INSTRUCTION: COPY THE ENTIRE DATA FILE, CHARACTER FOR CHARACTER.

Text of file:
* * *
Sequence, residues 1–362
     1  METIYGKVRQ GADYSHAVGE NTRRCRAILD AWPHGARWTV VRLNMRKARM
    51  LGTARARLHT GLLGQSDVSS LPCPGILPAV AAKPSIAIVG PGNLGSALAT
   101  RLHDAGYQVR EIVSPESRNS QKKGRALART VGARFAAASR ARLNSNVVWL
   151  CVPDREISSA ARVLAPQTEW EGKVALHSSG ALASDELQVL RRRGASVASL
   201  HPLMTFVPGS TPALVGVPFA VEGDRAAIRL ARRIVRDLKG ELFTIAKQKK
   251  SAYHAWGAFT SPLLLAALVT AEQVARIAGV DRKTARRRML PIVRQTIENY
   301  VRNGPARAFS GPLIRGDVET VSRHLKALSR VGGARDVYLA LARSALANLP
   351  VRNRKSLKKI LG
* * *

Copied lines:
Sequence, residues 1–362
     1  METIYGKVRQ GADYSHAVGE NTRRCRAILD AWPHGARWTV VRLNMRKARM
    51  LGTARARLHT GLLGQSDVSS LPCPGILPAV AAKPSIAIVG PGNLGSALAT
   101  RLHDAGYQVR EIVSPESRNS QKKGRALART VGARFAAASR ARLNSNVVWL
   151  CVPDREISSA ARVLAPQTEW EGKVALHSSG ALASDELQVL RRRGASVASL
   201  HPLMTFVPGS TPALVGVPFA VEGDRAAIRL ARRIVRDLKG ELFTIAKQKK
   251  SAYHAWGAFT SPLLLAALVT AEQVARIAGV DRKTARRRML PIVRQTIENY
   301  VRNGPARAFS GPLIRGDVET VSRHLKALSR VGGARDVYLA LARSALANLP
   351  VRNRKSLKKI LG